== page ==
by Ann Burroughs, President and CEO of Japanese American National Museum
(Retrieved from The Japanese American National Museum press release on March 5th)
The Japanese American National Museum applauds the legislation recently introduced by US Senators Tammy Duckworth and Mazie Hirono and US Representative Mark Takano that would bar individuals in the United States from being unlawfully detained based solely on a protected characteristic such as race, ethnicity, national origin, or religion. The Korematsu-Takai Civil Liberties Protection Act of 2019 explicitly seeks to prevent what happened to people of Japanese ancestry in the United States during World War II from ever happening again, acknowledging that the forced removal and incarceration of 120,000 men, women, and children was unconstitutional. Teaching the lessons of this dark chapter of American history is at the very core of JANM’s existence and we are grateful to those elected officials who see the frightening parallels of the 1940s reflected in events today and are acting to protect this nation’s democracy by rejecting racism and intolerance of diversity. We hope that support for this legislation is strong throughout Congress and that the Act is made the law of the land.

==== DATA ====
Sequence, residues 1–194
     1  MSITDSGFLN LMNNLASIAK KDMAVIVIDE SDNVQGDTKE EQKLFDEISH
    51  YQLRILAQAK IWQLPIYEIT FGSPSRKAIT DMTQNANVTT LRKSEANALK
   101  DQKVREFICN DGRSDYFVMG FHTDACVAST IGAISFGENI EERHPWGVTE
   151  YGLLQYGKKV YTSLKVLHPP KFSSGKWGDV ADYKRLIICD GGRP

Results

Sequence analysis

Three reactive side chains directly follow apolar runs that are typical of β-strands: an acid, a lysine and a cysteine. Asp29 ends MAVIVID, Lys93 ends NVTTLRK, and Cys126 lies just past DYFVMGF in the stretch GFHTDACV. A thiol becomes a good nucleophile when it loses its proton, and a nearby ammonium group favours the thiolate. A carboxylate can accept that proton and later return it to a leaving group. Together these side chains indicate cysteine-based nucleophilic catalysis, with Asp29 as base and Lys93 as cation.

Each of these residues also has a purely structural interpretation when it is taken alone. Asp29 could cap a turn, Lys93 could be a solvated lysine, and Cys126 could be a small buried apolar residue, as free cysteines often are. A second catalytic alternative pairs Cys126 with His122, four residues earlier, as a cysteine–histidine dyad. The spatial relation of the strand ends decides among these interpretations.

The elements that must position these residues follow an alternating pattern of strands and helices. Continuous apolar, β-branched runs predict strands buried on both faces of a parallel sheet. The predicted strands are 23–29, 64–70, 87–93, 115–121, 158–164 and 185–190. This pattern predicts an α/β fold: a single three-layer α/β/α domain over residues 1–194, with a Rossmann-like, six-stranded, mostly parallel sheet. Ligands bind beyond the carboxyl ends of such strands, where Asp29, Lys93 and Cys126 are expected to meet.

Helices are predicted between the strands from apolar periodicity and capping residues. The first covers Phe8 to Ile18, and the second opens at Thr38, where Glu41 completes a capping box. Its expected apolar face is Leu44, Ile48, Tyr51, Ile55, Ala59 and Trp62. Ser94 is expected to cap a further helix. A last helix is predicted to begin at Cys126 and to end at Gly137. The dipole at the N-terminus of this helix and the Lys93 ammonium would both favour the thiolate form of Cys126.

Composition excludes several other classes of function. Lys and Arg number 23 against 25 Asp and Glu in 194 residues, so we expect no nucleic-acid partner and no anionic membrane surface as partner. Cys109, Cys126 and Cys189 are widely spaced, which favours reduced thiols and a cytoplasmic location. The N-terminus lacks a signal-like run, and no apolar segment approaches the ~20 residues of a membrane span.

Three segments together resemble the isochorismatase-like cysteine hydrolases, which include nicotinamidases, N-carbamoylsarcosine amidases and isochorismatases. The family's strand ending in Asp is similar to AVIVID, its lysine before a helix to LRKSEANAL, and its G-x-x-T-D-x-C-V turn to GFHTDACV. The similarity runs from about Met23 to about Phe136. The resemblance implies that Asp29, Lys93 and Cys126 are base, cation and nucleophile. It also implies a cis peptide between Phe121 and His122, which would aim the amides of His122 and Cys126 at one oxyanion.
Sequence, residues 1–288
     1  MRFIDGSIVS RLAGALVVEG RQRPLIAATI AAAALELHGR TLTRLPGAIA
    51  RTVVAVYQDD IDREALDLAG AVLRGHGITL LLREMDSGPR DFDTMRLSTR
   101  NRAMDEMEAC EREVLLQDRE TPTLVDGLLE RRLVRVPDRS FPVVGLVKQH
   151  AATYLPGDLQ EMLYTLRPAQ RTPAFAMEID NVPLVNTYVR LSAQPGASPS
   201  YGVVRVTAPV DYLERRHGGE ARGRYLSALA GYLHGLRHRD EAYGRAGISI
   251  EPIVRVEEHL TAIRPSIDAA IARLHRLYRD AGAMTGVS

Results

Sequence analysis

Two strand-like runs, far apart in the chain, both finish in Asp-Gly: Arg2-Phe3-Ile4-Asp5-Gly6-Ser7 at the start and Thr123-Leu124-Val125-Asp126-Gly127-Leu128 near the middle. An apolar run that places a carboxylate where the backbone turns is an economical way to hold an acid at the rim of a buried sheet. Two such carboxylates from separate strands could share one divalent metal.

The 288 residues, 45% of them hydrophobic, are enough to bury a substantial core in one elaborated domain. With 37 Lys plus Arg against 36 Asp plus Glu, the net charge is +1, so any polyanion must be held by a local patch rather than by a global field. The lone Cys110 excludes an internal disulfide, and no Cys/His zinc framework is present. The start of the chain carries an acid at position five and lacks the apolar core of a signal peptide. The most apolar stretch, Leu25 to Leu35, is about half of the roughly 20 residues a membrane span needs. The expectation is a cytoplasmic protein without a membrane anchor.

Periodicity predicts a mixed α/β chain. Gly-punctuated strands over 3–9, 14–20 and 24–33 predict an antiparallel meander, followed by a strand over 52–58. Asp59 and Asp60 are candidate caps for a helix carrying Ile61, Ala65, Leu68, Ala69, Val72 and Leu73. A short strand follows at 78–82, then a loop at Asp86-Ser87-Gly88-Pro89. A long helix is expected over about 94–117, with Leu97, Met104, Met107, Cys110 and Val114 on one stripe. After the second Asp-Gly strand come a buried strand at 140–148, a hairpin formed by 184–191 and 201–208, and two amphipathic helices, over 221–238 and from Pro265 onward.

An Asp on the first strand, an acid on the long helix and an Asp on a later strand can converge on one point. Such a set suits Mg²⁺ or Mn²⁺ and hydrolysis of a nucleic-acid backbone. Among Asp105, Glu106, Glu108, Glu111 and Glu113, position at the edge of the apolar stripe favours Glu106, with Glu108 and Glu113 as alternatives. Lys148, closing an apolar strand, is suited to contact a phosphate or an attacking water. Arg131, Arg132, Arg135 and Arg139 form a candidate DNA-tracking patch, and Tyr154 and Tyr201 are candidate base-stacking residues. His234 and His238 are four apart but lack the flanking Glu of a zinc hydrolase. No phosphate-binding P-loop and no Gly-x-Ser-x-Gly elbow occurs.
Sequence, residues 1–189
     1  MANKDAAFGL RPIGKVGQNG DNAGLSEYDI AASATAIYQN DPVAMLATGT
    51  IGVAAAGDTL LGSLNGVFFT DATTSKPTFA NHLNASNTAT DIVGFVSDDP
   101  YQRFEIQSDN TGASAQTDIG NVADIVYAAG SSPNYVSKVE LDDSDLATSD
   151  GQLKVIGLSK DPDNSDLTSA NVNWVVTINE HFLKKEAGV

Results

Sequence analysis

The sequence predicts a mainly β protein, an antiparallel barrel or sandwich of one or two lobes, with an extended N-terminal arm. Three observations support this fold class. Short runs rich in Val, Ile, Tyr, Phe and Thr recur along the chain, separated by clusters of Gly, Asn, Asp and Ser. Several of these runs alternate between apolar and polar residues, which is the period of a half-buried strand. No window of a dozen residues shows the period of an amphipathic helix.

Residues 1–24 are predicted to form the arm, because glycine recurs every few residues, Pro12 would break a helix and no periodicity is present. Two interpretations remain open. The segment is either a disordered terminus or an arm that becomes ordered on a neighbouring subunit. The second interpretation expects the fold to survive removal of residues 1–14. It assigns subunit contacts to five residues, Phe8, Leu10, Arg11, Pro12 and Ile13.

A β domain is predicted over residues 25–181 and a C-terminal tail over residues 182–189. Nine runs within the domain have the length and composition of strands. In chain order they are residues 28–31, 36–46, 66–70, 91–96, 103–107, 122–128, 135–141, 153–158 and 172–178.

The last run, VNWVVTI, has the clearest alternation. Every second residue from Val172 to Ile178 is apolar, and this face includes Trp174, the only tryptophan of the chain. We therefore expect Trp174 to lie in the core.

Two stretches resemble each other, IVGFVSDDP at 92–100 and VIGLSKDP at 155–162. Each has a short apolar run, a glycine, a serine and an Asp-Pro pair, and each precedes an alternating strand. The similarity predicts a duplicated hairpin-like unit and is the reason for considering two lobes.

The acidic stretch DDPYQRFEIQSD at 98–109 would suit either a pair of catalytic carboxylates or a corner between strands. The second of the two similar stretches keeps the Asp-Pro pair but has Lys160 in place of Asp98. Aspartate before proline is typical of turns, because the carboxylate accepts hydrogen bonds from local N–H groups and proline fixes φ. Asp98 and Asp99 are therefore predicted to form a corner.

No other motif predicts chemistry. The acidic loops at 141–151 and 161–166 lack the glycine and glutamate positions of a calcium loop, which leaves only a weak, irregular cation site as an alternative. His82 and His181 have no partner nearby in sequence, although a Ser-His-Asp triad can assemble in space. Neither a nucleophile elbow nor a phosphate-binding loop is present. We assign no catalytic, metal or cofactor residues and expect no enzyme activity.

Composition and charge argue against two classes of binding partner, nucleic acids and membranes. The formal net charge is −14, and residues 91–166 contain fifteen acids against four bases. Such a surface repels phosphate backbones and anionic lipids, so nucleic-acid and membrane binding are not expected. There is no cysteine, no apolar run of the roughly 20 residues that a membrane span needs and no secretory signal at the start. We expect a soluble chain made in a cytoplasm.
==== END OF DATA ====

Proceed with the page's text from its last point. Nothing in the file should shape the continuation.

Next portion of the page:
Established in 1985, the Japanese American National Museum promotes understanding and appreciation of America’s ethnic and cultural diversity by sharing the Japanese American experience. Located in the historic Little Tokyo district of downtown Los Angeles, JANM is a hybrid institution that straddles traditional museum categories and strives to provide a voice for Japanese Americans as well as a forum that enables all people to explore their own heritage and culture.